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Women's positive perception of transvaginal NOTES surgery. Surg Endosc 2009 Aug;23(8):1770-4



Pubmed ID




Scopus ID

2-s2.0-70349766082   81 Citations


BACKGROUND: Two decades ago, minimally invasive surgery (MIS) was introduced and led to a revolution in modern surgery. Currently MIS procedures are the standard of care for many surgical interventions and patients often seek out surgeons with special training in MIS. Today, natural orifice transluminal endoscopic surgery (NOTES) appears to be on the threshold of another such revolution. We surmise that its advantages are similar to those of other MIS procedures, but there are no associated abdominal wall complications as there are no abdominal incisions. To date, there is no data evaluating women's perceptions of such a procedure and their willingness to consent to this type of surgical approach.

METHODS: We surveyed 100 women who were given a written description of MIS and NOTES surgery along with a 10-question survey exploring their concerns and opinions regarding transvaginal surgery.

RESULTS: The majority of women (68%) indicated that they would want a transvaginal procedure in the future because of decreased risk of hernia and decreased operative pain (90 and 93%, respectively), while only 39% were concerned with the improved cosmesis of NOTES surgery. Of the women polled, nulliparous women and those under age 45 years were significantly more often concerned with how transvaginal surgery may affect healthy sexual life and fertility issues (p < 0.05). Of the women who would not prefer transvaginal surgery, a significant number indicated concerns over infectious issues (p < 0.05).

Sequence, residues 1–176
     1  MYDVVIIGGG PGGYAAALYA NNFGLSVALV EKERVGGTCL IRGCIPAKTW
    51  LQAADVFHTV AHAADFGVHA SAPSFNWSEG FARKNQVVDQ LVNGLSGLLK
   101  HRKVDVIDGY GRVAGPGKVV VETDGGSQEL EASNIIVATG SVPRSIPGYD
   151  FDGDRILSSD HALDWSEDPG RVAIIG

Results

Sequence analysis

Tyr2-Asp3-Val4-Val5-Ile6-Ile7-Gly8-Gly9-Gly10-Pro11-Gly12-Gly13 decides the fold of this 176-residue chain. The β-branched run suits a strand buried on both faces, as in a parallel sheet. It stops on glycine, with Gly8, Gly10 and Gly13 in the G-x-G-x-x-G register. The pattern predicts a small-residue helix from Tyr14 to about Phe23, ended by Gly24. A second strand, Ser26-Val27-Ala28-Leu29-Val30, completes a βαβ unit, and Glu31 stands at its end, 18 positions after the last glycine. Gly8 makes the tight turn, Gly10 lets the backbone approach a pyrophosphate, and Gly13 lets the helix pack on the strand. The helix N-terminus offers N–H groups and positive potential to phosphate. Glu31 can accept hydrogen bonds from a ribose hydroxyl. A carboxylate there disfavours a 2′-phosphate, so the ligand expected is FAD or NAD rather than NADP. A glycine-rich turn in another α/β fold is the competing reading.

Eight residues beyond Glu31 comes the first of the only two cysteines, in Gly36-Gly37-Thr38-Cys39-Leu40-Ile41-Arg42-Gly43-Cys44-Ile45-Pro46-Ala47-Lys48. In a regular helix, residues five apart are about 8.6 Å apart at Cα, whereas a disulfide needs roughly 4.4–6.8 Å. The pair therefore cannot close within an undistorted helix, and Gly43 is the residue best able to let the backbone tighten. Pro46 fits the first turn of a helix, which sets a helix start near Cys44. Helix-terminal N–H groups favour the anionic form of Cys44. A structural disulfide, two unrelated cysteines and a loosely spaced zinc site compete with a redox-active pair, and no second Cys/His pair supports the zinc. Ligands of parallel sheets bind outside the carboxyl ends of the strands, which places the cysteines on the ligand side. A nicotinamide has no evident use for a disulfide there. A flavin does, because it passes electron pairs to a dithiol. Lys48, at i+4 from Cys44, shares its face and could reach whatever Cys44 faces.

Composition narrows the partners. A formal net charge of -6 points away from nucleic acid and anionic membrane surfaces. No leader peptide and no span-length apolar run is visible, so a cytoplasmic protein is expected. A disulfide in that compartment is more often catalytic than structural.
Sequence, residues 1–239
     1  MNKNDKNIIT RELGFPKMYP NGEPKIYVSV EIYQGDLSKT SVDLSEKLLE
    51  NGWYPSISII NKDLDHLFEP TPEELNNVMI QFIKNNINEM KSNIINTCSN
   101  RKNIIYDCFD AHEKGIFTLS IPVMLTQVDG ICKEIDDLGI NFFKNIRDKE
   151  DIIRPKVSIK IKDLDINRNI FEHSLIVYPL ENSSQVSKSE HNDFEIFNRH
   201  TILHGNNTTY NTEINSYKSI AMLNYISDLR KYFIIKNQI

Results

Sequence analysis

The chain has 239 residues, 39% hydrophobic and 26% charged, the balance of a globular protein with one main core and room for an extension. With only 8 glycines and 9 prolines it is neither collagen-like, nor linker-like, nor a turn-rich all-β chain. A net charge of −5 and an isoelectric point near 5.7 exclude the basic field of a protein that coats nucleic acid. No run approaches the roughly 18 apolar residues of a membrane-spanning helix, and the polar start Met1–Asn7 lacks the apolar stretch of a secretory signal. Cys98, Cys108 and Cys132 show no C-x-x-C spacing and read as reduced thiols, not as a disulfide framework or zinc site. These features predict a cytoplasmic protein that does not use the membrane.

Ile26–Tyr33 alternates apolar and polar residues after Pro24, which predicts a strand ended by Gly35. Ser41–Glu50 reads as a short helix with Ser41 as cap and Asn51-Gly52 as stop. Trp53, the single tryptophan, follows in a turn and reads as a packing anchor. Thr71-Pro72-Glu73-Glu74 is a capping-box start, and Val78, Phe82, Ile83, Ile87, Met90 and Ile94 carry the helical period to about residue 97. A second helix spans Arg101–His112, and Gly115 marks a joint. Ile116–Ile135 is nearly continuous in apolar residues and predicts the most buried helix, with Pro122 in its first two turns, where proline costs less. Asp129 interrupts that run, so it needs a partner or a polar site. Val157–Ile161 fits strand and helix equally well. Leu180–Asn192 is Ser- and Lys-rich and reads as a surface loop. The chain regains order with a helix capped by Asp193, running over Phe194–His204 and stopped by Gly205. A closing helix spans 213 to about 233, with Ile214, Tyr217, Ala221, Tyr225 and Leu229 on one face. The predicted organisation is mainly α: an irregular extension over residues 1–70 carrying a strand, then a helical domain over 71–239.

CONCLUSIONS: Our study shows that there is considerable public interest in NOTES surgery and women would be receptive to this new surgical technique. Our study highlights a strong need for early reporting of outcomes data to enlighten ourselves, and our patients, about this exciting new technology.

Author List

Peterson CY, Ramamoorthy S, Andrews B, Horgan S, Talamini M, Chock A


Carrie Peterson MD, MS, FACS, FASCRS Associate Professor in the Surgery department at Medical College of Wisconsin

MESH terms used to index this publication - Major topics in bold

Age Factors
Data Collection
Hernia, Abdominal
Infertility, Female
Middle Aged
Pain, Postoperative
Patient Acceptance of Health Care
Postoperative Complications
Young Adult